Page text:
Aavakkaya is the pickle synonymous with Andhra Pradesh. The utterance of the word “Aavakkai” tickles the taste buds. And when you make it, you cannot but help your mouth watering. The aroma of the newly made pickle is so intoxicating. Aavakkaya literally means pickled with mustard powder (aavalu in Telugu means mustard) and rightly so, mustard powder is the main preservative here along with gingelly oil.

When one of my son’s assistants brought home a basket full of mangoes, I was at a loss not knowing what to do with so many raw mangoes. I asked him why he brought so many mangoes when I would have been happy with 2 or 3. “Pickle them, Mummyji,” he said. That’s when I thought of making Aavakkaya. As I had not made this pickle in recent times, I called my friend Sujatha, to ask for the method. She promptly said, “I will come tomorrow and help you. Keep chilli powder, salt, mustard powder and oil and other things ready.” I was only too happy to get the things ready, as I did not have to worry about the final product. I have been getting to taste Sujatha’s mother’s Aavakkaya every year. And they are superb.

She specifically told me not to buy the mustard powder, but to buy mustard, sun dry and grind them fresh. "Or else," she said, "the pickle will taste bitter." So I went and bought all the ingredients and sun dried them . I also washed all the mangoes thoroughly and dried them in shade, by spreading them in a clean towel, to remove all moisture.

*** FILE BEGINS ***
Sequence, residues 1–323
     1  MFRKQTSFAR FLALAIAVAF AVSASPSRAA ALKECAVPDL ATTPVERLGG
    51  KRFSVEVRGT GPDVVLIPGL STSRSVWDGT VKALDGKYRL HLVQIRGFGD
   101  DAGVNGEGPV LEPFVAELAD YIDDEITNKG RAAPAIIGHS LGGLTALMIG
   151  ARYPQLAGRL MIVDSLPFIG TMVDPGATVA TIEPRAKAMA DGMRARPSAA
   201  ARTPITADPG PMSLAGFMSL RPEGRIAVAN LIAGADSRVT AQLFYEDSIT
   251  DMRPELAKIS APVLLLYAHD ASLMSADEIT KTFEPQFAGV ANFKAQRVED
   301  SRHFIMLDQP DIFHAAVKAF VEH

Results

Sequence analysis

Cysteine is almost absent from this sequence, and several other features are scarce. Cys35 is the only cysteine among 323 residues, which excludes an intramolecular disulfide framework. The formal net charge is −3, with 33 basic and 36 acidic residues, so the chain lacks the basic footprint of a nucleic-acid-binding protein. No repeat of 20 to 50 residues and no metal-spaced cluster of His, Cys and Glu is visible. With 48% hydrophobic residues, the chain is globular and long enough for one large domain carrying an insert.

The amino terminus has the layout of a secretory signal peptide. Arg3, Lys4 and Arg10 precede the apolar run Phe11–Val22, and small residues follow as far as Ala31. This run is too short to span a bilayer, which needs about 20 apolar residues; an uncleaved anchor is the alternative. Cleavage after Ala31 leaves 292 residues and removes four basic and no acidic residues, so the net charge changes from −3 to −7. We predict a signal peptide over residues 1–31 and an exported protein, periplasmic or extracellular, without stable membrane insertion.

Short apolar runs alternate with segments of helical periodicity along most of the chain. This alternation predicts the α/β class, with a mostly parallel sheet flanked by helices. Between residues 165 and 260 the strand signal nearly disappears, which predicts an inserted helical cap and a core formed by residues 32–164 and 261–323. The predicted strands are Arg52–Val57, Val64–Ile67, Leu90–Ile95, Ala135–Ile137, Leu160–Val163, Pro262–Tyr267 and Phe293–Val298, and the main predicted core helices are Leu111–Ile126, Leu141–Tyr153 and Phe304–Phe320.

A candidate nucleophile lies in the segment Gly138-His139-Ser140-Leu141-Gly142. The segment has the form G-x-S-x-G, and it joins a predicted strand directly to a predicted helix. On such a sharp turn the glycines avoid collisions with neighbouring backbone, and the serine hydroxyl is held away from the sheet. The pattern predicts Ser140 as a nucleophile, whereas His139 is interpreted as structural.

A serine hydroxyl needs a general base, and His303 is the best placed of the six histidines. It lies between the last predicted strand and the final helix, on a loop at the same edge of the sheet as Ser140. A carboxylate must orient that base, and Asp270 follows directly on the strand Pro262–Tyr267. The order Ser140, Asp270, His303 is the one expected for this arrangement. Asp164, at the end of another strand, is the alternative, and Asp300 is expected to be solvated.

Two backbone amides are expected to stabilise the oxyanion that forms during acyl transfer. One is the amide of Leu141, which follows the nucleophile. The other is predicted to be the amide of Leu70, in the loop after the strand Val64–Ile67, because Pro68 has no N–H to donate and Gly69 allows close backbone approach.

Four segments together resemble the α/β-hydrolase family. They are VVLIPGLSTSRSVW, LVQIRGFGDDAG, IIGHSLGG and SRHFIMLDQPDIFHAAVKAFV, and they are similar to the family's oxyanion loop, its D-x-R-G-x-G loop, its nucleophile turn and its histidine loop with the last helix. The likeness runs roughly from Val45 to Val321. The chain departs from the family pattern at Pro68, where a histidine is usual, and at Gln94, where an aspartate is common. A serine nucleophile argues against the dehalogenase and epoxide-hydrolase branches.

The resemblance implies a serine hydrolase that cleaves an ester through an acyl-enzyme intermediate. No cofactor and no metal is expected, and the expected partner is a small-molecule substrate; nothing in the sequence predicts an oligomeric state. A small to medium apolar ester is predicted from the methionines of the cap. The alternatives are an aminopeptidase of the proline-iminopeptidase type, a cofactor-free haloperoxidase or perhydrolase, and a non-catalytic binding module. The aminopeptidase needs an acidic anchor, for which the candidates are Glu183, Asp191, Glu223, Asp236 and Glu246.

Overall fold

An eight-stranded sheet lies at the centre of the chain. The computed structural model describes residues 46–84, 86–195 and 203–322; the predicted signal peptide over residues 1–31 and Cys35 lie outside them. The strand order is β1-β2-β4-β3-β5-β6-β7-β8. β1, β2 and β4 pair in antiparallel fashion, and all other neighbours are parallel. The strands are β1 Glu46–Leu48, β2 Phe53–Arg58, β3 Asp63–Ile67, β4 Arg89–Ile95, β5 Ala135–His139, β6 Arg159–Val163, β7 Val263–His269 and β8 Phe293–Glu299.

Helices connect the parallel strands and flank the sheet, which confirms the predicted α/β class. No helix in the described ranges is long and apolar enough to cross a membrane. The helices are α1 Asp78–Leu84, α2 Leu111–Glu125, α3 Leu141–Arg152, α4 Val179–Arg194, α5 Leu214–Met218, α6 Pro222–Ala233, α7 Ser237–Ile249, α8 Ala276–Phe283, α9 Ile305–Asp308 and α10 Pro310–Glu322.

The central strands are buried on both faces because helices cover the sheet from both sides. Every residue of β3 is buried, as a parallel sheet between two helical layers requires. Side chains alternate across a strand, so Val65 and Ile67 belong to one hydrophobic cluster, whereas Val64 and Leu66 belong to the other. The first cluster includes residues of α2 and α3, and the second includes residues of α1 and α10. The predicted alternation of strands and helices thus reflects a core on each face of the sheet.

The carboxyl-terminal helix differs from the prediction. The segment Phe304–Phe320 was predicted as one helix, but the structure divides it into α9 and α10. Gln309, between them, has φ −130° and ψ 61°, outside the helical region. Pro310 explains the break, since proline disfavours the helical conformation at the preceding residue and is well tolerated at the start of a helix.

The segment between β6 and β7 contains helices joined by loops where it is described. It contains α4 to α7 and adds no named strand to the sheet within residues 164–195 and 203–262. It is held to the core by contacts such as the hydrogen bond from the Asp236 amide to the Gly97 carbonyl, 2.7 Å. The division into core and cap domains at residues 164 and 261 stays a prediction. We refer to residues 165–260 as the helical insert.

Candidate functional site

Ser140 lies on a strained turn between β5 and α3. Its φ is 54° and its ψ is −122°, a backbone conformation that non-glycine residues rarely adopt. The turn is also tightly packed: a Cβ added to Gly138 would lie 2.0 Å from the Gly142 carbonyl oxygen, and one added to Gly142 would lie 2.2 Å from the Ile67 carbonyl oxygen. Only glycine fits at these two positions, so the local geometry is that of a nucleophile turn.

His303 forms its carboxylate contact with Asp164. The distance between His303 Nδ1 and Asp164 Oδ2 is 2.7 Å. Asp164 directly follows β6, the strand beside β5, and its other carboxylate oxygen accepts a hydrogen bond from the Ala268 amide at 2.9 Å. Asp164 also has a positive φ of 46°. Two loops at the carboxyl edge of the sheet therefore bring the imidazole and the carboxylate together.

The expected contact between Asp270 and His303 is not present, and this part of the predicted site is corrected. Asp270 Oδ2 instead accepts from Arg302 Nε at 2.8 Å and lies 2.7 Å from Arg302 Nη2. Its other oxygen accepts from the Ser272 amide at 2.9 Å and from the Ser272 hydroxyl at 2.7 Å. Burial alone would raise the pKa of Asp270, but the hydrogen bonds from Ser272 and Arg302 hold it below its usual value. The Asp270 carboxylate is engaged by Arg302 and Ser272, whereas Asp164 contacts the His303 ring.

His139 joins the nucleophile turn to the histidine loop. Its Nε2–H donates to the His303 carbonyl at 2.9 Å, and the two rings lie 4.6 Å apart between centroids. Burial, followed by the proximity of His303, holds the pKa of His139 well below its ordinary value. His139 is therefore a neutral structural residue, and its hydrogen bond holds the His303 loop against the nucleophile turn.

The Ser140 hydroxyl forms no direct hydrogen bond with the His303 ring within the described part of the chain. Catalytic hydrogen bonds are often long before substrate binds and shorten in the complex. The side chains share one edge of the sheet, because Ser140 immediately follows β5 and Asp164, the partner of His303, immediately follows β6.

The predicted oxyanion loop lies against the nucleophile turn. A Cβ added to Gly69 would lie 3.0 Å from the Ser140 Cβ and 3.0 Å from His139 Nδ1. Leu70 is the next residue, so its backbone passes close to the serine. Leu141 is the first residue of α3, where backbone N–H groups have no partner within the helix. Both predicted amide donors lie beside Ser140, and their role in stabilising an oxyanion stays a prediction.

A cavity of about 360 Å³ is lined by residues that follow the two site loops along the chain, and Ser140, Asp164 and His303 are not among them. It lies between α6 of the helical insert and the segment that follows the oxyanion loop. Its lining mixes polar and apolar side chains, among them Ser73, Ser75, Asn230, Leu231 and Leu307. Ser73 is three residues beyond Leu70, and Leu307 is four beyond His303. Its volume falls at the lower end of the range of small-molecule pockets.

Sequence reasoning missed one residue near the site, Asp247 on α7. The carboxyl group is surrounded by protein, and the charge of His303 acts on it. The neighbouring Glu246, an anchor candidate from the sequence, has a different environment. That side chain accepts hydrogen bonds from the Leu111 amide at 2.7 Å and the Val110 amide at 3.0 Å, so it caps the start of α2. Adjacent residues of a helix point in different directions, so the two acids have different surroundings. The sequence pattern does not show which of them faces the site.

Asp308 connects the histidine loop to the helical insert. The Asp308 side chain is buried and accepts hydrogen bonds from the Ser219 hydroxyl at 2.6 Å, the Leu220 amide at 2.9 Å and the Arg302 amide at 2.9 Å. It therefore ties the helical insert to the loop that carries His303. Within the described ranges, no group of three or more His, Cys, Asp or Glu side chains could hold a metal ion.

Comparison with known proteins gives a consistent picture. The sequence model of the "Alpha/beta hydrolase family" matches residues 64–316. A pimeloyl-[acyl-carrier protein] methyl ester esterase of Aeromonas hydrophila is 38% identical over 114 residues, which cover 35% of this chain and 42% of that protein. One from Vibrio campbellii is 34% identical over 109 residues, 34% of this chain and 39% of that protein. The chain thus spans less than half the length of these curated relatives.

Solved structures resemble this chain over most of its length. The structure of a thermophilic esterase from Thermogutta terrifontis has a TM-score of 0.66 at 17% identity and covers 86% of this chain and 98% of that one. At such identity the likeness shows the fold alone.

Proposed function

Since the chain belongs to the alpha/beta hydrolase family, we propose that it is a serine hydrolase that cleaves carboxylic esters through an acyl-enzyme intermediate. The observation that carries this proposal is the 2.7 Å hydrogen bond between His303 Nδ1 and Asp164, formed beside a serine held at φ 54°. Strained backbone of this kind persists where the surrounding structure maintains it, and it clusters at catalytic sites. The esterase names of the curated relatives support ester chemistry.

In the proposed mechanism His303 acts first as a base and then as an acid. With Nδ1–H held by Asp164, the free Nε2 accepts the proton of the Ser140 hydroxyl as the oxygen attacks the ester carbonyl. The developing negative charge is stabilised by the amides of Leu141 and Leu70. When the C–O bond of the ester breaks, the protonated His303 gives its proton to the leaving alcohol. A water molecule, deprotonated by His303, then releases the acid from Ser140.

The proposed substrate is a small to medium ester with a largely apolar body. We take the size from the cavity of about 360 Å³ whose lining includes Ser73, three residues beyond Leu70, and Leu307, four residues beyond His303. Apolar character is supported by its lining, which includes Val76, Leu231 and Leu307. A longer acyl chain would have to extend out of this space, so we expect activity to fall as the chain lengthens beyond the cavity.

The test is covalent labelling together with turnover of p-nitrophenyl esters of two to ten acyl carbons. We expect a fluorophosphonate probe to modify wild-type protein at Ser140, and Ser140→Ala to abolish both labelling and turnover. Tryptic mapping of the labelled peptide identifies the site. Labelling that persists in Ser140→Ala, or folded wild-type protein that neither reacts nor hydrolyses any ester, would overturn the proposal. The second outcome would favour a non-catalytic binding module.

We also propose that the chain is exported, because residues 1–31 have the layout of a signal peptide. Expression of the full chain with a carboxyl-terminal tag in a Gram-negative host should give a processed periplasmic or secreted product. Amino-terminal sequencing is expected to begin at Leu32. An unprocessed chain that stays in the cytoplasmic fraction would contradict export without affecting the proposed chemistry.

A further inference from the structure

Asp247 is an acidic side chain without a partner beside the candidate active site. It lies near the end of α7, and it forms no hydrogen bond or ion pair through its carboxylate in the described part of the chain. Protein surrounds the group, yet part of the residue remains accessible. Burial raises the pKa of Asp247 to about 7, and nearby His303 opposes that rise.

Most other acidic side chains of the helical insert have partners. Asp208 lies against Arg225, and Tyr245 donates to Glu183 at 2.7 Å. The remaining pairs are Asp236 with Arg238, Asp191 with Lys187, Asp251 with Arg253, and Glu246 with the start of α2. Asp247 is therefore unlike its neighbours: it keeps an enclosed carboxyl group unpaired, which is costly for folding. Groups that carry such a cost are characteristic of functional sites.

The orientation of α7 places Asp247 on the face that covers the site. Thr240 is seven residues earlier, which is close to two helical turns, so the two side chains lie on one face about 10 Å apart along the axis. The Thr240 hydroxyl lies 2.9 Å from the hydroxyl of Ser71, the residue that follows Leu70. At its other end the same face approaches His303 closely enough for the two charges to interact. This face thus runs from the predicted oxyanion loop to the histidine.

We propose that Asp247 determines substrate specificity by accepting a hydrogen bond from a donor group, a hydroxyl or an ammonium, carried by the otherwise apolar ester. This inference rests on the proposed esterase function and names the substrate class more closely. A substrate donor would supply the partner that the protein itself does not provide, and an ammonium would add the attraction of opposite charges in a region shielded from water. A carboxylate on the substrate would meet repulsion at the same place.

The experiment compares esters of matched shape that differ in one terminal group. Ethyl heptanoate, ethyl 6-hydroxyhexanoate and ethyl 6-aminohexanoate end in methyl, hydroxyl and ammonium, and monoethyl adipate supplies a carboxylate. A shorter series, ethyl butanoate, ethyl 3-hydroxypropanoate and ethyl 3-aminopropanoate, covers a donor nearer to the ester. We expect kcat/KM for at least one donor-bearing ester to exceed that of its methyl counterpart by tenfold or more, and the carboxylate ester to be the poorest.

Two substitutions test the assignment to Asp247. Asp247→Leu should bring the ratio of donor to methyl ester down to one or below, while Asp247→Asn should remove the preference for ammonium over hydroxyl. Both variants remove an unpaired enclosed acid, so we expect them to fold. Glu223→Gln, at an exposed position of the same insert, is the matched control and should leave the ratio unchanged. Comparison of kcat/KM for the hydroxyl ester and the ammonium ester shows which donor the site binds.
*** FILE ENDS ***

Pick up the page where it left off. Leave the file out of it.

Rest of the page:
Sujatha came promptly at 11 am next morning and we started the preparation.We cut the mangoes into large pieces and measured them. Accordingly we measured the other ingredients. Here is the ratio:


Raw mango pieces: 5 measures ( approximately 3.5 Kg)

Red chilli powder : 1measure (I used 300gms. One may add upto 500gms., depending on individual preference)
Freshly ground mustard powder: 1 measure ( here again those who like the taste of mustard oil can use upto 500 gms )
Salt: 1 ¼ measure(8oogms)

Whole fenugreek seeds: 50 gms

Turmeric powder: 2 tbsp.

Good quality gingelly oil: 1 ltr


The mangoes should have firm stone inside.(the stone should be attached to the flesh of the mango and when cut through, the stone should still be attached to the mango pieces.) Wash and dry the mangoes in a clean towel in shade. Cut them into large pieces.Discard the soft seed portion .
Keep the other ingredients ready(in the proportion given above).

Keep a large glass jar or earthenware jar washed and sun-dried, ready. (As I was in Hyderabad, where I function with minimum kitchen gadgets, I did not have a glass jar or earthenware jar. Hence I used a large pet jar).

Now comes the most difficult part. Mixing the ingredients. Sujatha insisted on mixing them with hands. I would have preferred mixing them with a large spatula, as my skin is very sensitive to chilli powder.

Mix all the dry ingredients(chilli powder, mustard powder, salt,turmeric powder and fenugreek seeds) thoroughly. Take another large shallow pan for the final mixing. Into this pan, transfer a portion of the cut mango pieces. Add a portion of the pickle masala to the mangoes. Pour 1 or 2 spoonfuls of gingelly oil and mix the contents thoroughly with hand or a spatula. Transfer them to the jar. Repeat this process, until all the mango pieces and pickle masala are used up. Top the jar with the remaining oil and pickle masala, if any. Keep the jar in a cool dry place. Within an hour, you can see the gravy oozing out of the mango pieces and within 2 to 3 hours, there would be a 1”top layer of oil and gravy above the mango pieces(called “Oota” in telugu). This is the sign of right quantity of ingredients, said, Sujatha’s mother, when I called her to report the event. Stir it thoroughly with a dry spoon every day for 5 days, she said. I followed her instructions and the results were just superb.